It’s hard to believe, but – this year alone – more than 162,000 Americans will be diagnosed with a form of blood cancer, such as leukemia, lymphoma or myeloma. Fortunately, science has advanced quickly in recent years, opening doors for more precise treatments for more patients. This progress is certainly encouraging, but more work remains to find effective, targeted medicines for all patients impacted by blood cancer.
According to a new report from PhRMA and The Leukemia & Lymphoma Society (LLS), biopharmaceutical companies – working alongside nonprofit organizations, academic institutions, government researchers and other partners – currently have more than 240 new medicines in every phase of development to treat blood cancers. A breakdown of these investigational medicines is captured in the infographic below:
As biopharmaceutical researchers and scientists continue to learn more about the intricacies behind blood cancers and the best ways to treat them, they have begun to unlock the potential of medicines to work at a molecular level to target and fight the 35 types of leukemia and the 50 types of lymphomas that have been identified in recent years.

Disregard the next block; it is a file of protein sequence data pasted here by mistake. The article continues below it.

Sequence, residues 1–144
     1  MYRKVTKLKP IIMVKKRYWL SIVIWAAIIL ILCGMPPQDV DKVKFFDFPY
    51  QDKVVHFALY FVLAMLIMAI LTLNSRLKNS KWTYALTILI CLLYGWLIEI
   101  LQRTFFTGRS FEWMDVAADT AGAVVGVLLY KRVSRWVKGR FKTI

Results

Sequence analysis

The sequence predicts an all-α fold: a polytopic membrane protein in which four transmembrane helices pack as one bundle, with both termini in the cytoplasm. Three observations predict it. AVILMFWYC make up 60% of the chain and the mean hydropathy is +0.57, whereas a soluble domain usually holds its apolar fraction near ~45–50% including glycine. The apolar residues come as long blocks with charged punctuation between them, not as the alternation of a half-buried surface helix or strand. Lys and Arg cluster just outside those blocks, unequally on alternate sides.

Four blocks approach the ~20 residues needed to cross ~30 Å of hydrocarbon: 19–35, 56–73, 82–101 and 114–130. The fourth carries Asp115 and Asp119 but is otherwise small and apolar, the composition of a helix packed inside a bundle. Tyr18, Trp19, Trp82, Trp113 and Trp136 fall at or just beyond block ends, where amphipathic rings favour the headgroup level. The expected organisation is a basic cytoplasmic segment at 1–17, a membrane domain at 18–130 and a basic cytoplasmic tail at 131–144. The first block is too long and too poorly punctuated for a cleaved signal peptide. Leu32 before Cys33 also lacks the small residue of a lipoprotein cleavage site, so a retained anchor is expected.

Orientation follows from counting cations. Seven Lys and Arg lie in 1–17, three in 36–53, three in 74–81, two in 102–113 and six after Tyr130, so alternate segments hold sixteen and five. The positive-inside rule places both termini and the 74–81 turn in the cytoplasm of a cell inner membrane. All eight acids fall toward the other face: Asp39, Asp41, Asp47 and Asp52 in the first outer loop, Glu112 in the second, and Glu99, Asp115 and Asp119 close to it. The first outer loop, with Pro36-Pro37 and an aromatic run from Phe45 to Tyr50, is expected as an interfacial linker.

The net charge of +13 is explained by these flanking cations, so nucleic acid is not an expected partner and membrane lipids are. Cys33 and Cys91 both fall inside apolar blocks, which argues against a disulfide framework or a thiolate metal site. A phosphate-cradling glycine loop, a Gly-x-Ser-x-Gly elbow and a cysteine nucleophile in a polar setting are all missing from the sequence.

- From Hope to Cures: A Look at the 2015 Report 240+ Medicines in Development for Blood Cancers
- 2014 Report: 771 Medicines in Development for Cancer
- From Hope to Cures: Cancer
And the really encouraging news for patients? These efforts are working in practice.
Blood cancer survival rates are on the rise across the board. The overall five-year relative survival rate for leukemia patients has more than quadrupled since 1960, from 14 percent to 60 percent. And for patients diagnosed with Hodgkin lymphoma at age 45 or younger, the five-year survival rate has increased over the years to nearly 94 percent.
Despite this significant progress, there is more work to do. That’s why PhRMA takes great pride in partnering with organizations like The Leukemia & Lymphoma Society to help fund research into more effective medicines and treatments that extend and improve patients’ lives. Such collaboration is critical as we work to move biopharmaceutical research forward together – and strive to lessen the burden of leukemia, lymphoma, Hodgkin lymphoma and myeloma for patients and their families.